Thursday 27 April 2017

400,000 pensioners pay up to €233 more for phones

Anne-Marie Walsh

ALMOST 400,000 pensioners will have to pay between €156 and €233 extra each year for their phone this year due to a drastic Budget cut.

Eircom, which provides phone services for the majority of pensioners, has sent letters to its elderly customers in the wake of a government decision to slash the state telephone subsidy.

It warned 270,000 over-66s they face having to pay between €195 and €233 extra per year from February, depending what package they are on with the company.

But 125,000 pensioners who receive their phone services from other providers are also facing extra bills of at least €156 in 2013.

As part of Budget cutbacks, pensioners availing of the scheme will see their government subsidy drop from €22.58 to €9.50 a month.

Eircom customers who are over 66 will also lose a top-up from the company to the subsidy that brought it to up to €28.09 a month – and stand to lose €233 a year.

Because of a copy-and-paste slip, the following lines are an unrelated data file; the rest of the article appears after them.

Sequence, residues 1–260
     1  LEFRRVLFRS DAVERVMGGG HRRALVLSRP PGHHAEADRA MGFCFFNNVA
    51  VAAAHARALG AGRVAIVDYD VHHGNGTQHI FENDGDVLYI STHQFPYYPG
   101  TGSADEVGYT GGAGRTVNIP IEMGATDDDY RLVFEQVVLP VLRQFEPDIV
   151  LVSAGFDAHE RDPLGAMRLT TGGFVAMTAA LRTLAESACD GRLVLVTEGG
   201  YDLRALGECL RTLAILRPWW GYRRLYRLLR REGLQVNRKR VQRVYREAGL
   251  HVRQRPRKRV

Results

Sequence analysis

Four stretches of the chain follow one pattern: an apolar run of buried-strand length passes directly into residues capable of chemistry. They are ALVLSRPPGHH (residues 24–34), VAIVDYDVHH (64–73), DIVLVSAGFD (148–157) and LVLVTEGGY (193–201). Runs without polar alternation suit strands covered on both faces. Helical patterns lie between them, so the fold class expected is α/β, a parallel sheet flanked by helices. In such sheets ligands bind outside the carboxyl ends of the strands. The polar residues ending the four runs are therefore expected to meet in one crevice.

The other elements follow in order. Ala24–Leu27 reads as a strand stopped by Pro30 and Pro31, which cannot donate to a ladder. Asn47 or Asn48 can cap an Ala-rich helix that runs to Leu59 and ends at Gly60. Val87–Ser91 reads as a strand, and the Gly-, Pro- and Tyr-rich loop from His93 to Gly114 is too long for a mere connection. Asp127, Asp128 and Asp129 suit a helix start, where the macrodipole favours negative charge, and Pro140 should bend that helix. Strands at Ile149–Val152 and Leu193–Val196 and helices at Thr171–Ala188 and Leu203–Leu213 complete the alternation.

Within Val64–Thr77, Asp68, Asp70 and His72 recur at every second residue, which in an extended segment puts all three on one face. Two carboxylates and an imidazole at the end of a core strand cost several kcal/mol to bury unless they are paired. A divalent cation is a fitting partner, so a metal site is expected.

Eircom gave all customers who received the €22.58 telephone allowance an extra €3.20 towards line rental.

These customers stand to lose €195.36 a year.

But others also got a subsidy of €1.52 if they made outbound calls and a contribution of 79c if they rented their handset.

This brought the full value of the benefit to customers entitled to all the top-up payments to €28.09 a month.

Eircom estimates around 163,000 of its customers are entitled to all of these benefits, with a further 107,000 enjoying the basic state subsidy and some of the top-ups.

In its letter yesterday, Eircom told customers they will get a reduced monthly allowance of €9.50 towards their bill from next month.

"There is no need for you to take any action as this change will automatically be applied to your account from your bill after February 1," said director of sales and service Steve Stewart.


"However, you may withdraw from any existing contract without penalty within one month of the date of this letter."

An Eircom spokesman said the firm decided to stop its top-ups due to the Budget cut and was instead trying to come up with a new low-price package for "vulnerable customers".

"We are working with the regulator to come up with an affordably priced package," he said.

A Department of Social Protection spokeswoman said 395,000 people aged over 66 get the telephone allowance, which has been in existence since 1978.

"Furthermore, state pension rates were not reduced in the Budget as the minister protected core welfare payments such as pensions, disability and carer's allowance," she said.

The telephone allowance, which is a contribution towards line rental and call costs, is normally deducted from the customers' bills each month.

Irish Independent

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